Study: Skipping breakfast can lead to heart disease


Image: Study: Skipping breakfast can lead to heart disease

(Natural News) When you look at the word “breakfast” literally, it says “break” and “fast.” Breakfast is a time to break the fast that started the evening before and lasted throughout sleep. So it’s important to break the fast each day, rather than skipping the meal and trying to power through.

Skipping breakfast doesn’t just cause you to be overly hungry, foggy-brained and irritable. It can also have serious negative effects on your health. A study coming from Columbia University that was published in the journal Circulation tells just how dire those effects can be.

The article reported that not eating breakfast increased the risk of heart disease, stroke, high blood pressure, diabetes and obesity. That’s not exactly a risk that anyone should take. And it’s wonderful to eat healthy, organic, real food, but meal timing may be just as important as what a person eats, according to the study.

“Meal timing may affect health due to its impact on the body’s internal clock,” noted Marie-Pierre St-Onge, the study’s lead author. “In animal studies, it appears that when animals receive food while in an inactive phase, such as when they are sleeping, their internal clocks are reset in a way that can alter nutrient metabolism, resulting in greater weight gain, insulin resistance and inflammation.”

The researchers pointed out that more research would need to be completed to confirm their ideas.

Quick and easy breakfast options

It’s important to steer clear of the typical breakfast, which consists of a bowl of sugary cereal immersed in hormone-laden milk, a doughnut sprinkled with artificial flavorings and colors, or a greasy GMO selection from a fast food menu. Instead, energize at the beginning of the day with real, organic foods. Focus on eating plenty of protein. Sources can include eggs, nuts, seeds, nut or seed butter, yogurt, chicken or turkey. Foods like quinoa are also high in protein.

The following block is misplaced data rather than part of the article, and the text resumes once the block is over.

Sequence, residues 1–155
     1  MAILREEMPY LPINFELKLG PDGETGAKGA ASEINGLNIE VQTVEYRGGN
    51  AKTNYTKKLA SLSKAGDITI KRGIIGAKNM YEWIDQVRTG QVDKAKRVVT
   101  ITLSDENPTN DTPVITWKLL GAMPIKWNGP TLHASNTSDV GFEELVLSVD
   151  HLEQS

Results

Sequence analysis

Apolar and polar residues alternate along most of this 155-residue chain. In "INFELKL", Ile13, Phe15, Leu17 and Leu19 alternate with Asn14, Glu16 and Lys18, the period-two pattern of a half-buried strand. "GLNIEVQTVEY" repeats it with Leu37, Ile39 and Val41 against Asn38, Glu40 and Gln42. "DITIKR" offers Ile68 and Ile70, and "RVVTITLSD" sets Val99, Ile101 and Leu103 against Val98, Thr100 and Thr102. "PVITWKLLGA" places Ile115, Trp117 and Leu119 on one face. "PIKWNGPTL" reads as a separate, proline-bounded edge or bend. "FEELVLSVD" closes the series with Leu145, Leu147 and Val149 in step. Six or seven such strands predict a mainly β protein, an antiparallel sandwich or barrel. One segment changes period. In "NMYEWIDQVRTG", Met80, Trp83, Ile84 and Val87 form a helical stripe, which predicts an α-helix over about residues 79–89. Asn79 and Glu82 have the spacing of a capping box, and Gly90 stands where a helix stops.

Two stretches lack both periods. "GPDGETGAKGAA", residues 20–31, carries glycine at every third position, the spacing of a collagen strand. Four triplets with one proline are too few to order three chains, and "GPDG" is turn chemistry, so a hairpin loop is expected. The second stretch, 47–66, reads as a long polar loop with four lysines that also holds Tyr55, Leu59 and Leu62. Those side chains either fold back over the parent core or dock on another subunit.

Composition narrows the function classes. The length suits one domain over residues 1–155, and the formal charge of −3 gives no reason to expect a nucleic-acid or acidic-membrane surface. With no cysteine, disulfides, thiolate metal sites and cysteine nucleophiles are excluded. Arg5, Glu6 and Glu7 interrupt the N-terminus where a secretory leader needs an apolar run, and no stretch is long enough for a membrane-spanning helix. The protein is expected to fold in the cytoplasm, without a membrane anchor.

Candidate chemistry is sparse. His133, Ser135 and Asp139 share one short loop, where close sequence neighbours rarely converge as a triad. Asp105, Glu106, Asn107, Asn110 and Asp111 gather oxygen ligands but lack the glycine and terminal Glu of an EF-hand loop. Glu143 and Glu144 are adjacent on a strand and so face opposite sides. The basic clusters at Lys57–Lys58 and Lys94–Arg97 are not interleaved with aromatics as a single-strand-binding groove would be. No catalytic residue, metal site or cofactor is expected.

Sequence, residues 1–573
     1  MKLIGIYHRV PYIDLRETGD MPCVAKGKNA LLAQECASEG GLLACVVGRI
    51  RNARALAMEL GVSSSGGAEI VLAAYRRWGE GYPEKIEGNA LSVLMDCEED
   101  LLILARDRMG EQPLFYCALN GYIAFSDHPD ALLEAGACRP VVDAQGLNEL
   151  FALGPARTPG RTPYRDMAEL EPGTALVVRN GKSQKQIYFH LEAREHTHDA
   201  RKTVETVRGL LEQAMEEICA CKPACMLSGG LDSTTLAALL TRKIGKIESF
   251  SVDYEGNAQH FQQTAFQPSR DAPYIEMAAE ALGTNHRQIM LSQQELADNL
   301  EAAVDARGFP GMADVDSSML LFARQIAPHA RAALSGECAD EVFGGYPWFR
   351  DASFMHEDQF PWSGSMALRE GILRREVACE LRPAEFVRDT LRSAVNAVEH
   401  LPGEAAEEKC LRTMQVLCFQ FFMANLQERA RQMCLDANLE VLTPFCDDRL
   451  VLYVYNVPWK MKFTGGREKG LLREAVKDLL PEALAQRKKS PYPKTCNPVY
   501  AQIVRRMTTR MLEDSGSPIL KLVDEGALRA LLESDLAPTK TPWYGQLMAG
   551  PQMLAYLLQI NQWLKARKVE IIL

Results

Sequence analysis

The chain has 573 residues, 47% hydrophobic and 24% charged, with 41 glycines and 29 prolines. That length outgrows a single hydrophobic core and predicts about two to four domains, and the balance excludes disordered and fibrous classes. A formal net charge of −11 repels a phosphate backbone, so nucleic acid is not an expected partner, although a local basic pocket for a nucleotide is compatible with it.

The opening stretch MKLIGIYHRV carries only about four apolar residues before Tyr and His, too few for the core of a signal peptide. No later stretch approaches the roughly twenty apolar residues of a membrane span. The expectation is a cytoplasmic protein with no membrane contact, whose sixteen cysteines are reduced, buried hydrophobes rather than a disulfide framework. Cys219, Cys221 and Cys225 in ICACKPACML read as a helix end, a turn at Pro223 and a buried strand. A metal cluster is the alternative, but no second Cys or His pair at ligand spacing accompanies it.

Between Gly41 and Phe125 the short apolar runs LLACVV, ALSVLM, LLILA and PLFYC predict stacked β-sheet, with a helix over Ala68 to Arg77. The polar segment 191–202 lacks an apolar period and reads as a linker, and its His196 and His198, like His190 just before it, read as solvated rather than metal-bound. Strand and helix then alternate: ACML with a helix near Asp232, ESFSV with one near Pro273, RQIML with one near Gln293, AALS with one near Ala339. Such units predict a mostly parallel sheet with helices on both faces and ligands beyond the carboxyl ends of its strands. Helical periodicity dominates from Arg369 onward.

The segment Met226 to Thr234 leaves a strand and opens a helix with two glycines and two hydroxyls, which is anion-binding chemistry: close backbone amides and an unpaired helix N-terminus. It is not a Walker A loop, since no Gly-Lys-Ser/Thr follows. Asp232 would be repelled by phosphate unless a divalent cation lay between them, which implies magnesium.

ebook Discover how to prevent and reverse heart disease (and other cardio related events) with this free ebook: Written by popular Natural News writer Vicki Batt, this book includes everything you need to know about preventing heart disease, reversing hypertension, and nurturing your cardiac health without medication. Learn More.

Also include enough healthy fat like coconut oil, butter or ghee. This combination of adequate protein and fat will help you feel full for longer and not have to eat as soon as you would if you just eat a bowl of cereal or piece of toast. Round out breakfast with some vegetables or fruit. You will probably find that your body and mind are ready to hit the ground running when you eat this way.

Many people who don’t eat breakfast say they don’t have the time to get a meal ready and gobble it down when they’re rushing to get out the door in the morning. To solve that, try having something simple and easy. Quinoa flakes or scrambled eggs cook in only a couple minutes.

Or make hard-boiled eggs and granola ahead of time, and they’ll be set to eat in a hurry. Smoothies are another great option. Fruit like berries, bananas, apples and grapes are also super convenient and require no preparation time. Just don’t eat too much fruit for breakfast or you could spike your blood sugar and crash a little while later. Try just a small serving of fruit with healthy fat and protein.

Timing of meals is an important issue

The Columbia University study that looked at the effect of not eating breakfast also evaluated eating at the opposite end of the day, the evening. Researchers found that eating too late in the day could also contribute to heart disease.

So when to eat is a Goldilocks issue: The timing has to be just right. Make it your goal to be a Goldilocks when it comes to meal timing, and see how your health improves as a result.

Sources include:

Telegraph.co.uk

Harvard.edu

ConsumerReports.org

RealSimple.com


Receive Our Free Email Newsletter

Get independent news alerts on natural cures, food lab tests, cannabis medicine, science, robotics, drones, privacy and more.


Disqus